The two men, says Arecont, “bring years of technology and industry sales.”
The company also says it intends a stronger emphasis on the security market in the U.K.
Cooke joins Arecont Vision as director of strategic accounts, Europe,. Most recently, directed a regional business for a division of Assa Abloy Global Technologies.
Cowley, who will be Arecont Vision’s regional sales manager in the UK, joins after tours at Arrow Surveillance, Norbain, Silent Witness and Grandeye, among other companies.
Danbury, CT-based Communication Networks, dba ComNet, has named Andrew Acquarulo Jr. its new president and chief operating officer.
He will be responsible for ComNet’s worldwide strategic vision, operations and sales for the ComNet fiber optic and Ethernet product lines, and will report to George Lichtblau, the company’s chairman and CEO.
Acquarulo joins ComNet after 20 years at GE Security and a tour as president and COO at what was International Fiber Systems (IFS).
“Andy is well known and respected within the security industry and his leadership and industry knowledge largely contributed to IFS becoming the acknowledged leader in fiber optic transmission. This success made him the perfect choice to lead ComNet as we move into our next growth phase,“ Lichtblau said in a statement.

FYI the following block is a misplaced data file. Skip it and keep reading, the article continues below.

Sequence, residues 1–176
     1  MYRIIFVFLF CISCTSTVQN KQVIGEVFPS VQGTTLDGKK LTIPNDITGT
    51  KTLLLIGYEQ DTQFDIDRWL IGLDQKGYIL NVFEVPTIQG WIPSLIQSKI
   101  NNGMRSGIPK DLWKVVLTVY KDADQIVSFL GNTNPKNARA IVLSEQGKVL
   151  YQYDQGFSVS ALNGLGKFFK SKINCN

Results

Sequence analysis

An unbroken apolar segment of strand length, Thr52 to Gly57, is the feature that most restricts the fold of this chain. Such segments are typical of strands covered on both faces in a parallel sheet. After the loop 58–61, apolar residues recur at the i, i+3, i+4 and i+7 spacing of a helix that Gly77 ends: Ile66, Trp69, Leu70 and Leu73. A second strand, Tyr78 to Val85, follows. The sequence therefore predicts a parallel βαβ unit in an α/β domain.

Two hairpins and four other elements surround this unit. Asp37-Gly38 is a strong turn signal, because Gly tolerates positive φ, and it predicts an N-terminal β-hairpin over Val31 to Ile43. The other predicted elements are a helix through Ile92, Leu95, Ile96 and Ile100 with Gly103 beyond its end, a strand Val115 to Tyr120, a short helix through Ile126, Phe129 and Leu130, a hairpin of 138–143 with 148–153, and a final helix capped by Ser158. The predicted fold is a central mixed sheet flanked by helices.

Sterling, VA-based IceWEB, Inc. has released modular data storage expansion packs for its multi-purpose lightweight portable (MLP) platform.
IceWEB reports that its MLP is being used around the world to assist in protecting communities against potential terrorist threats at such events as the 2010 Vancouver Winter Olympics, the G8 Summit and the 2010 FIFA World Cup.
This new capacity upgrade allows users to use more surveillance, sensor and intelligence data at these events on one common platform, says IceWEB.